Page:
JUPITER, Fla. • All was well with the Cardinals’ offense. Cleanup man Marcell Ozuna (one for 20) doubled his hit total with a single and a double Wednesday. “I liked Ozuna’s day quite a bit,” manager Mike Shildt said.

The Cardinals showed they could manufacture a run when Paul DeJong was nicked by a pitch, stole his second base of the spring (matching his total for his first two seasons), moved up on a wild pitch and scored on Max Schrock’s single through the infield.

But all actually was not well.

In a tried and true recipe for defeat, the offense mustered three hits (besides striking out 10 times). And the Cardinals’ pitchers walked eight in a 4-1 exhibition loss to Miami, although only two of the walks scored.

As for the offense — or lack of same — Shildt said, “Don’t love it. But it’s not a concern. We’re competitive and we want to put our best foot forward but we know ... guys are working on stuff. No concern about where we’re going with our offense. Just continue to work toward where we want to go. We know we want to get there soon.”

The Cardinals have scored 72 runs in 19 games, or fewer than four per game. They are hitting .240 as a team, although they have not used their prospective regular-season lineup in any game yet.

As for all those walks, including six in the first four innings by Dakota Hudson and Jordan Hicks, Shildt said, “That actually speaks to the guys we (pitched). Jordan and Dakota ... their stuff plays. Obviously, you don’t want the traffic, but they were able to get out of it for the most part.”

Shildt, asked about the balance between the number of bases on balls and few of them scoring, said, “I’m a half glass full guy. But I don’t like to pour water into that glass a whole lot and drink out of that one.”

Pitching coach Mike Maddux said, “We managed the walks well. We stranded a lot of runners (11). But we certainly don’t like to give up the free bases the way we did.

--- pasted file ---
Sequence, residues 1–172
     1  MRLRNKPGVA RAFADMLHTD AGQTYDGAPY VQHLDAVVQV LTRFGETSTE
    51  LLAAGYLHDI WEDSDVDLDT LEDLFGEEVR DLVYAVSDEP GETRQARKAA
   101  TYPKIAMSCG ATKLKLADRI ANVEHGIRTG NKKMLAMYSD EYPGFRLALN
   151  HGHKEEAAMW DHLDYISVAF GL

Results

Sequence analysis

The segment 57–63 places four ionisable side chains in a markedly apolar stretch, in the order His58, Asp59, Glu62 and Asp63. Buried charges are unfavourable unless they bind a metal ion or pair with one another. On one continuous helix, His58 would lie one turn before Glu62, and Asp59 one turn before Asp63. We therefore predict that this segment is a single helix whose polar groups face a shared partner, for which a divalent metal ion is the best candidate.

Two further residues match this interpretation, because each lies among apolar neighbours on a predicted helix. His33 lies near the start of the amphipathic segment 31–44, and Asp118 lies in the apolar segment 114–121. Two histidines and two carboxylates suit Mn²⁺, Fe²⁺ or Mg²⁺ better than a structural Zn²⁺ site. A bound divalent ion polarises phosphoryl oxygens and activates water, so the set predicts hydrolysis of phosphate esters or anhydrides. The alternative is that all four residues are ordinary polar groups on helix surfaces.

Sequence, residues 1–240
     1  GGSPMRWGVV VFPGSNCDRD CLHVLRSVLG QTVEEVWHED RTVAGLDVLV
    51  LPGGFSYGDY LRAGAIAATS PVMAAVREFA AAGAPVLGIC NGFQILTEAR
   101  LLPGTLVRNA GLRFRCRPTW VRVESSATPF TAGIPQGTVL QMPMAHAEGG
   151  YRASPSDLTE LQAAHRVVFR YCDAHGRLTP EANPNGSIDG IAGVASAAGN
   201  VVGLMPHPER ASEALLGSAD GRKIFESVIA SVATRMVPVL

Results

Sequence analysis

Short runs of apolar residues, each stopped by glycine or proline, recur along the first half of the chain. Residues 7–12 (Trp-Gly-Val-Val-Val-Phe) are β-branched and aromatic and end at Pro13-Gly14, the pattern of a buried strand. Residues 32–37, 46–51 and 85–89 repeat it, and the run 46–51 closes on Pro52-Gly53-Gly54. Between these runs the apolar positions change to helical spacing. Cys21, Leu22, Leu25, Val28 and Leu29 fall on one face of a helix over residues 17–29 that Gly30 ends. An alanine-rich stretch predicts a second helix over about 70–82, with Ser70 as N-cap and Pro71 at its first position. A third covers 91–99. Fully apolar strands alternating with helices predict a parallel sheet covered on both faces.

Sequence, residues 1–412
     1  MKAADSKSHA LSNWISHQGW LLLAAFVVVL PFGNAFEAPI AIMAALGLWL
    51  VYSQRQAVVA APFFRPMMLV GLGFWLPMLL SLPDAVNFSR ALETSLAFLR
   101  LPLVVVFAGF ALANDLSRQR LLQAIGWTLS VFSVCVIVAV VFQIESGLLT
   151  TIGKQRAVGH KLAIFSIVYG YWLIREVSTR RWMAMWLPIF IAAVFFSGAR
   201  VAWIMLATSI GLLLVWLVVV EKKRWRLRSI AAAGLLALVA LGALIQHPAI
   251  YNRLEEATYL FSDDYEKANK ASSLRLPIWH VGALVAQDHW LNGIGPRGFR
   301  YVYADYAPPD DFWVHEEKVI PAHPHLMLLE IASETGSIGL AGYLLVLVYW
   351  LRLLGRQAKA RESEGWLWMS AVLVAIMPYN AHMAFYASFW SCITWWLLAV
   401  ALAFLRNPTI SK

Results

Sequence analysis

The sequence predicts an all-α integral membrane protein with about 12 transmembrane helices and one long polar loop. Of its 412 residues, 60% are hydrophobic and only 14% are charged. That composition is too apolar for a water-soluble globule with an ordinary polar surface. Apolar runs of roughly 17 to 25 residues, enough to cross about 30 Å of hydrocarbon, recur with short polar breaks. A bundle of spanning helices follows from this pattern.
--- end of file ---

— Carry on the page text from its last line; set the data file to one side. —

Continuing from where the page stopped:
“Guys are trying a couple of things here and there. We tell them to try everything and let’s hone in what we do best. We’re making the pitch when we have to, but we’ve got to be better making them to stay out of that situation.”

Hudson walked three in three innings, giving up one run and throwing 69 pitches. Hicks, topping the 100 mph mark more than half a dozen times (he was as high as 103), made his first appearance in eight days. He walked three also. Both Hudson and Hicks walked opposing pitcher Jose Urena.

“Walks are going to happen,” Shildt said. “Clearly, eight of them are unacceptable.”


Unlike last season when Cardinals manager Mike Matheny often had 13 pitchers on his staff, Shildt said he was “leaning” toward keeping 12 pitchers, which would mean seven relievers.

Shildt, acting out the news of the day, actually leaned to his left when asked about 12 pitchers. He said if he leaned to his right, the answer would be 13 pitchers.

Subject to several changes, the 12 would include starters Miles Mikolas, Jack Flaherty, Michael Wacha and Adam Wainwright and one of two others, either Hudson or John Gant. The seven relievers could be Hicks; Andrew Miller, who had another scoreless inning, striking out two Wednesday; Chasen Shreve, Alex Reyes, Dominic Leone, Mike Mayers and either Hudson or Gant. John Brebbia also is a factor in this, as is lefthander Austin Gomber, and Carlos Martinez ultimately will be in the bullpen when his shoulder is right.

Maddux, discussing his own leanings, said, “Right now, I’m leaning on the 24 we have (still in camp).”


Wacha will bat Thursday as the first Cardinals pitcher to hit this spring when he faces the New York Mets. Wainwright will pitch Friday night in one game against Houston and righthander Daniel Ponce de Leon will travel to West Palm Beach that night to face another squad of Astros.

Wainwright, anticipating Wacha hitting, said, “I’ve seen his BP this spring. It’s been pretty special.”

But Wacha said, “I hope there’s guys on base every single time I’m up, so I can bunt them over. Get them over and let Carp (Matt Carpenter) drive them in.”

“You never know, I might drag bunt,” said Wacha. Acknowledging that he never had done that, Wacha said, “There’s always a first time. How many times did Peyton Manning sneak? He did it — and he scored a touchdown.”

Wacha is hitting .080 for his career with one double and 101 strikeouts in 212 at-bats.

But Shildt, echoing Wainwright said, “You haven’t seen his BP. This guy’s an animal. Michael Wacha is chomping at the bit to do damage with a bat in his hand.”

Wainwright might have wanted to be the first pitcher to hit this spring, but Shildt noted that “Wainwright’s very secure with his Silver Slugger.”

Gant will throw two innings in a minor league squad game Friday. Shildt contends Gant, Hudson, Ponce de Leon and lefthander Gomber are all in the fifth starter competition but said, “We’ve got to narrow that down soon.”

Struggling lefthander Brett Cecil also will pitch an inning in the squad game.

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Rick Hummel

@cmshhummel on Twitter



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